Geoboard Light Table Play

So you may expect the following information to show a geoboard being used in the traditional way with elastic bands. Apparently that was not as appealing to my grade 2 daughter as these beautiful counters and beads:

Counters and beads on a geoboard I did leave out rubber bands but they were ignored.

Instead the counters and beads seemed to be more attractive.

The counters are part of this Manipulative Kit for Light Table:

Manipulative Kit For Light Table

and the beads are from this Giant Transparent Beads kit.

Giant Transparent Beads

The counters look amazing:

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These geoboards are transparent and can be purchased at Quality Classrooms here and  are perfect for the light table. They also come in 5 x 5 and 11 x 11 and a variety of colours.

11X11 Pin Rainbow Geoboards

Maybe next time we will use them for what they have been designed for!

Or maybe we will just find another awesome use.

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Who knew geoboards could look so great!

 

Light Cube Reading Light!

The Light Cube is a wonderfully versatile light source. It can be used in many different ways including as a light table. Here it is shown as a light inside a reading fort.

Interested in learning more about the light cube? Check it out here: http://www.qualityclassrooms.com/light-cube.html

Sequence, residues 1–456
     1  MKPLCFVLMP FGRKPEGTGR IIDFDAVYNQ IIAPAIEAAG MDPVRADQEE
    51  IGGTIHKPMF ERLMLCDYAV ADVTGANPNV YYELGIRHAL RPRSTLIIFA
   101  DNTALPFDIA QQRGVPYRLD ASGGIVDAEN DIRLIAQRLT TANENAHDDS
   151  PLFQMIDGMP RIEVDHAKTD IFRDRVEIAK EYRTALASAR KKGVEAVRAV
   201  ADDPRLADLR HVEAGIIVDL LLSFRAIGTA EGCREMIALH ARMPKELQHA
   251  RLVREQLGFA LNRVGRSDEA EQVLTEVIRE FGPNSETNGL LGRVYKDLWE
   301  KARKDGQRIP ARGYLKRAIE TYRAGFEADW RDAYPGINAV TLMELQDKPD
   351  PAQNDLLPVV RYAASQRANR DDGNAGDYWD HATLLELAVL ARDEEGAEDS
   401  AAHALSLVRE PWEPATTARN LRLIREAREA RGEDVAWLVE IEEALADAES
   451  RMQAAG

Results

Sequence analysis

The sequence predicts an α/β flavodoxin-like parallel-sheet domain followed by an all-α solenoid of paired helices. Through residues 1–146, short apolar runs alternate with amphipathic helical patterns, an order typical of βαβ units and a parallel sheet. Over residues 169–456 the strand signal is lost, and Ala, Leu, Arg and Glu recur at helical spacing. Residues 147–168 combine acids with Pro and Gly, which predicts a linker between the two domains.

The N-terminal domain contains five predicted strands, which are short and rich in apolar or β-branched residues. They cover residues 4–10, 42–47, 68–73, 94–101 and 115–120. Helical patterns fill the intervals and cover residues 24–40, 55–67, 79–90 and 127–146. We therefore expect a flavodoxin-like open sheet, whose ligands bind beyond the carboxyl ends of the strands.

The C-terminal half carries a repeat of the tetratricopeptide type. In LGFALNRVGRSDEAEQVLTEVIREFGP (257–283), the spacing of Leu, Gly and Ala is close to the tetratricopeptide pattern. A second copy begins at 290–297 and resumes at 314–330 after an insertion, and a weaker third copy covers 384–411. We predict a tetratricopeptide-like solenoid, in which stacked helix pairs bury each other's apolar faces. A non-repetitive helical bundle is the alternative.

Roylco

light box cube reading house

Welcome back to 2015! We hope everyone had a wonderful holiday break. We are excited to kick off the New Year with a feature post on our Educational Light Cube! Here’s a cool idea: use it as a soft glowing lamp for your classroom reading fort!

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Open-Ended Playing with the First Look Light Table Kit

Look at this great resource!

So as you probably know if you are a regular reader, I am a big fan of light tables. Adding light to an activity, brightens everything, including my attention span!

This was the first time we tried out this resource, the First Look Light Table Kit so I laid it all out, showed Daisy the contents and let her explore. There are over 300  pieces in this kit and I couldn’t fit them all on the table!

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Daisy set to work matching colours:

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Clear Big Buttons were matched with colourful leaf, flower and butterfly transparencies.

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Here Daisy has matched the shapes of the Clear Big Buttons and the Fancy Stringing Rings.

I have realised the importance of letting children explore independently, without the restrictions of set tasks or outcomes. Simply playing.

The rule:

New Resource = Open Ended Exploration

The chance to fully explore a resource without the pressure of outcomes, allows children to follow their own thought patterns and investigate their own theories.

As teachers we are often too quick to narrow a resource into a set learning activity and then we wonder why students are playing with the resources rather than doing the activity we set! The pressure of following curriculum and meeting teaching targets means we often sacrifice open ended exploration.

ECE’s are wonderful at setting up explorations free from set outcomes. “Invitations” are happening frequently in daycare and preschool rooms. This carries into kindergarten where teachers still recognise the need for play based learning.

My wish: play based learning with open-ended exploration continues through elementary school.

Is this possible while still meeting curriculum targets?

My answer is yes, what is yours?

Sorting Fruit by Colour